Better Spheres, Fewer Triangles

Gen­er­at­ing spheres through recur­sive sub­di­vi­sion of icosa­he­drons

UV spheres are one of the eas­i­est and most com­m­mon ways to gen­er­ate a sphere for com­put­er graph­ics.

UV sphere generated by revolving a circle about an axis planar to itself
UV sphere gen­er­at­ed by revolv­ing a cir­cle about an axis pla­nar to itself

It has its charms: it looks kind of like a globe, with its clear lon­gi­tu­di­nals and lat­i­tu­di­nals, it’s ridicu­lous­ly easy to imag­ine and cre­ate, and it works well with UV tex­ture map­ping. Still, its uneven dis­tri­b­u­tion of points can cause wast­ed tex­ture res­o­lu­tion as well as com­pu­ta­tion time at best, fun­ny-look­ing bunch­ing of points near the “poles” at slight­ly worse, and dis­gust­ing visu­al arti­facts at worst due to hav­ing to ren­der many sliv­ers of tri­an­gles often of widths less than a pix­el.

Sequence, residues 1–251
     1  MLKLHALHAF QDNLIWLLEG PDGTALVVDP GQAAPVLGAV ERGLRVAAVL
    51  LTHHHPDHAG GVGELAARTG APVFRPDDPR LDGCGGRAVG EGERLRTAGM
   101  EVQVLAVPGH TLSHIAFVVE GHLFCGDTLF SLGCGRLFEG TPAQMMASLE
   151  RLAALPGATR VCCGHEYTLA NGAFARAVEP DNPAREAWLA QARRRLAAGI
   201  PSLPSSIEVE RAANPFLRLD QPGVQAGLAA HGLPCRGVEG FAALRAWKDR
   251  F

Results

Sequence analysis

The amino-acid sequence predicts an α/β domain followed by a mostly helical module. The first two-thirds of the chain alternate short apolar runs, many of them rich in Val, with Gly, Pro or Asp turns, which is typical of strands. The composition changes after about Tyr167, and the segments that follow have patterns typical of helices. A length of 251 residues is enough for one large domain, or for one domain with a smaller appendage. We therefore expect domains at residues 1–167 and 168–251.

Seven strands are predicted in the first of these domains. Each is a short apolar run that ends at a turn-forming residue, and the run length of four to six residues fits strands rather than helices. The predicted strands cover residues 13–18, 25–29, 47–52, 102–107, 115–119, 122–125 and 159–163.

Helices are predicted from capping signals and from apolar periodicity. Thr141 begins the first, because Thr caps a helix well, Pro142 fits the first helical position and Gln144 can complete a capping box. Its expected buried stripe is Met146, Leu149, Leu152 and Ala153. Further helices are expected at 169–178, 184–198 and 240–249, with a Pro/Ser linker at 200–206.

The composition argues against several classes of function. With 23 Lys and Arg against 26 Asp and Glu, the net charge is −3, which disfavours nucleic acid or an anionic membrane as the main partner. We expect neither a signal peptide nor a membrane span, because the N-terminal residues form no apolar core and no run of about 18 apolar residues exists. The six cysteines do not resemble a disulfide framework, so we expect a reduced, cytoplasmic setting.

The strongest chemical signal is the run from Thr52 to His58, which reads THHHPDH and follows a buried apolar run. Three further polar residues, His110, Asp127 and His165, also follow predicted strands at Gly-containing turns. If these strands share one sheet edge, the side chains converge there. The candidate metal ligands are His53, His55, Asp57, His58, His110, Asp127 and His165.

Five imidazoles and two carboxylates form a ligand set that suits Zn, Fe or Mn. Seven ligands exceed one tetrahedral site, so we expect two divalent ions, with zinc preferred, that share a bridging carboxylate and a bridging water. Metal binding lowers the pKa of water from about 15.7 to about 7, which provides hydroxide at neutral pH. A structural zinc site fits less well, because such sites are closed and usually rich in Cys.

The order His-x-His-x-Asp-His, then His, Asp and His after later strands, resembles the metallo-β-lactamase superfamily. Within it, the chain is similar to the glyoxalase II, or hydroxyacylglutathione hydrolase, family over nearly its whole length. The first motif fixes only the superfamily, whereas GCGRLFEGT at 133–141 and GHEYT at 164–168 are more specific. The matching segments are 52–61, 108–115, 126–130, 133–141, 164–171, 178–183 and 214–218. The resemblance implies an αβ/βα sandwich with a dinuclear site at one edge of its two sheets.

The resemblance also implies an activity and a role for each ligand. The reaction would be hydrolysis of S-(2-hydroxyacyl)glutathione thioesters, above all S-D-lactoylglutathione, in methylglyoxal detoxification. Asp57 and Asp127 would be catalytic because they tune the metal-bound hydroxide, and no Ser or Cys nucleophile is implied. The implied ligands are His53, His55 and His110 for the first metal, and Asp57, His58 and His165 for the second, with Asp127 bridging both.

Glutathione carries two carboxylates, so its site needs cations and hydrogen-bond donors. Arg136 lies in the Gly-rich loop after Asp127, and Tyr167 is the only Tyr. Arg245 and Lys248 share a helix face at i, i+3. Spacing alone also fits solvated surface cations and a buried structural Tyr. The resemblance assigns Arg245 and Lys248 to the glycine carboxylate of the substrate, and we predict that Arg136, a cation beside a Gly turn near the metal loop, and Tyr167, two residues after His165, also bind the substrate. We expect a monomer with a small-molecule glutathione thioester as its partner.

A far bet­ter solu­tion is the geo­des­ic sphere, cre­at­ed by divid­ing up the faces of a pla­ton­ic solid and then pro­ject­ing the ver­tices onto a sphere*.

Icosa­he­dron after two iter­a­tions of sub­di­vi­sion

To be com­plet­ed…

*Of course, fol­low­ing this log­ic, you could make a spher­i­cal look­ing mesh by basi­cal­ly tak­ing any con­vex mesh and pro­ject­ing its points onto a sphere. But then its points wouldn’t real­ly be even dis­trib­ut­ed. That’s why we sub­di­vide an icosa­he­dron.